Global ratings agency Fitch Ratings has given Sri Lanka’s insurance industry a stable outlook for 2016, despite the uncertainty over the new rules and dampened growth.
“Fitch ratings sees the outlook on Sri Lanka’s insurance sector as stable even though the split of composite insurers into life and non-life companies, which became mandatory effective February 2015, may create industry uncertainty,” a report said.
It said that this is because most industry players will maintain stable financial fundamentals during the year, supported by moderate sector growth.
In addition to the segregation of life and non-life businesses, insurance companies are required to list the companies by January 2016, increase minimum regulatory capital to Rs.500 million from Rs.100 million and replace rules-based solvency to risk-based capital.
While several companies have already begun moving towards their Initial Public Offerings, a handful has displayed no intention of doing so.
Some companies welcomed the rules as an avenue to discard their non-core operations, selling one of the life or non-life businesses to other parties, while some of those who intend to keep both their operations have been vocal about the new rules.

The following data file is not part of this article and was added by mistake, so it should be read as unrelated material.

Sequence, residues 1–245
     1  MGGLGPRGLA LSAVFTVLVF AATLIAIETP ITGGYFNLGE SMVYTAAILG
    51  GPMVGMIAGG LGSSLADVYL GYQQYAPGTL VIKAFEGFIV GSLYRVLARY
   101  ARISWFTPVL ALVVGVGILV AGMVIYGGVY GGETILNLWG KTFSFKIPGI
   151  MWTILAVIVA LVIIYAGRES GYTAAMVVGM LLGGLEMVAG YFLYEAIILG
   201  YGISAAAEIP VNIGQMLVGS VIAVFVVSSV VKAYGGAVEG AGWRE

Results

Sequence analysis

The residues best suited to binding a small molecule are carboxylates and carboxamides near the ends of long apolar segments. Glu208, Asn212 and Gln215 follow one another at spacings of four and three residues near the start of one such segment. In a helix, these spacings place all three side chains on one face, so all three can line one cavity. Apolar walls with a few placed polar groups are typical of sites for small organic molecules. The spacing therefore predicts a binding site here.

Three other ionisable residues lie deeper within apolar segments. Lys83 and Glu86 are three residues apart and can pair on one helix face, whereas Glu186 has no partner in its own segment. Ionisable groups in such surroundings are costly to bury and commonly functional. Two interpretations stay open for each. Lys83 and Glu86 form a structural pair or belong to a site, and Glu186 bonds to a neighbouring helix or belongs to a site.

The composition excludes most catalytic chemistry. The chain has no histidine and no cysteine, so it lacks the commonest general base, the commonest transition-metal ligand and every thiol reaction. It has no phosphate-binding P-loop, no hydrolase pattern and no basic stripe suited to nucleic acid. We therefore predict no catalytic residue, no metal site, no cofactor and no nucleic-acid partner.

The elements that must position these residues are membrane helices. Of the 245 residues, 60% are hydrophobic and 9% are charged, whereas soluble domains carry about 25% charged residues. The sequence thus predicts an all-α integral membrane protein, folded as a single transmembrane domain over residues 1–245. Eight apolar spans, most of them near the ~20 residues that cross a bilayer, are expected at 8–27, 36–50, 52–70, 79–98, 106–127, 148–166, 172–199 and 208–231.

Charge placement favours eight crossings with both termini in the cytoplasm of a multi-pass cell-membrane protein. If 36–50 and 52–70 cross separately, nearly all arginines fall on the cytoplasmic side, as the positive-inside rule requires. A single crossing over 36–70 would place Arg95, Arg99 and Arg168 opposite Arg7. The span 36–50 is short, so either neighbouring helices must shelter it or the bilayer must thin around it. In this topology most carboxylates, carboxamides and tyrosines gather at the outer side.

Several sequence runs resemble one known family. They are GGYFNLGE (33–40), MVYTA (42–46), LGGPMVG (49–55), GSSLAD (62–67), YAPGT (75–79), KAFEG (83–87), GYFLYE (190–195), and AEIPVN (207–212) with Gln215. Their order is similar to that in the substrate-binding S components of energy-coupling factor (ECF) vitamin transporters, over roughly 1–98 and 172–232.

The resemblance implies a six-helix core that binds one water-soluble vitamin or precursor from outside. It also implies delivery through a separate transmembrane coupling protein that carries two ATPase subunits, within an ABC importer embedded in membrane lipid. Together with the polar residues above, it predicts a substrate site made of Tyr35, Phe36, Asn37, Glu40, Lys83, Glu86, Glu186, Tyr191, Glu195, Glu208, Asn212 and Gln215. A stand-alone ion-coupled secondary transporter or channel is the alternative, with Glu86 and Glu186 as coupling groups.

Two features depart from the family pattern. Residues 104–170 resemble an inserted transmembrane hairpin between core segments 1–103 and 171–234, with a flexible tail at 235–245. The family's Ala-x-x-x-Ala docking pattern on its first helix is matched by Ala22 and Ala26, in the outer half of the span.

“Many regulatory changes are positive for the industry as they will promote efficient capital allocation, corporate governance and better risk management,” Fitch said.
However, doubling the number of insurance companies to regulate may place a strain on the government, despite listing on the bourse adding a new layer of regulations.
Meanwhile, Fitch said that while economic growth and under-penetration of insurance in Sri Lanka could increase the total gross written premiums, there will be no major growth in both life and non-life businesses.
“Fitch does not expect significant improvement in life penetration in the short term, due to the low disposable income of the population, and life premiums growth is likely to be moderate. Fitch expects non-life growth to slow as higher vehicle taxes may reduce new car registrations in 2016,” it said.
Intense pricing competition is likely to arise as companies which are expanding will have to fight for a pie of the same size.
“Intense pricing competition in the motor segment is likely to hold the combined ratios (sum of loss ratio and expense ratio) in non-life above 100 percent, which would put pressure on the financial performance of the more aggressive companies, while challenging the market share of others,” Fitch said.